The lawsuit also alleges a cover-up (pg. 9): "There is no evidence
      that law enforcement officials in Illinois or Texas were ever
      notified of Katinas sex crimes against children, as required by these
      states' reporting laws. Likewise, parishioners in both states have
      been kept in the dark as to the truth behind Father Nick's delayed
      suspension. Indeed, the Greek Orthodox hierarchy waited almost seven
      months after his so-called `retirement' from Holy Trinity to publicly
      admit the real reasons behind his suspension. They are less candid
      and more than cryptic. Their continuing secretive cover-up of
      Katinas' sexual crimes against male children in churches which were
      under his dubious care further imperils his victims' lives and
      postpones their hopes for justice and closure."

      The Herald is not publishing the lawsuit's more graphic descriptions
      of the alleged acts.
      Father Katinas is the father of five children. One of them, Rev.
      James Katinas, is a Greek Orthodox priest currently serving the
      Annunciation Church in Kansas City, Missouri. The younger Katinas
      also worked at Holy Cross Greek Orthodox School of Theology as
      Director of Admissions, as well as Director of Development. He was
      transferred to the Kansas City parish in June 2006, the same month
      his father was suspended from the priesthood just days after retiring.
      The bishop whom Father Katinas supposedly confessed his sins of
      sexual abuse against children was the late Bishop Gerasimos of
      Abydos, who spent the last years of his life as a spiritual father on
      Holy Cross campus. Gerasimos is buried on the campus grounds behind
      the Holy Cross Chapel, along with the late Archbishop Iakovos and
      Metropolitan Silas.

      In June 2006, Father Katinas filed his papers for retirement. At the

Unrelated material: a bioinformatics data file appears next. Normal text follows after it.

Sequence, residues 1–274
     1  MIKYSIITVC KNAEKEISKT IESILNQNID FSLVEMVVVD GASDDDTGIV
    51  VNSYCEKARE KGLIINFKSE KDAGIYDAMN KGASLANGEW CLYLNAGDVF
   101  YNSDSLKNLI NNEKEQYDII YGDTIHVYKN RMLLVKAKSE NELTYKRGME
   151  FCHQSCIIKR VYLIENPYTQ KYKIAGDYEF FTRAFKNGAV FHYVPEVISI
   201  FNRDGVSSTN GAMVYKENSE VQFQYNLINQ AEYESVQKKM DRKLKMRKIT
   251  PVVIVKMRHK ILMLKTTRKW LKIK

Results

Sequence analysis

same time, the Archdiocese Chancery requested his canonical release
      from Metropolitan Isaiah of Denver, and he was transferred to the
      jurisdiction of the Direct Archdiocesan District in New York, which
      is under the pastoral and canonical supervision of Archbishop
      Demetrios. The Archdiocese suspended Father Katinas from every
      liturgical and pastoral function, but it was not reported in the
      Orthodox Observer, the Archdiocese's official publication, for
      another five months. It was finally reported in the Observer's
      November 2006 issue, after members of the Holy Eparchial Synod
      strongly inquired about it during the Eparchial Synod's fall
      gathering last October. Meanwhile, the Archbishop has so far refused
      to send Father Katinas before the Spiritual Court to defrock him,
      despite being exhorted by several members of the Synod to do so.

      Father Katinas left for Greece on Monday, February 19, just two days
      before Father Kontogiorgis broke the news concerning the whys and
      wherefores of the suspension to the Dallas community, in an apparent
      attempt to clear up rumors which had been circulating for months, but
      which also left the Dallas parish community and many Greek Orthodox
      faithful throughout the country reeling.

      Father Katinas is currently believed to be staying with relatives on
      the island of Rhodes.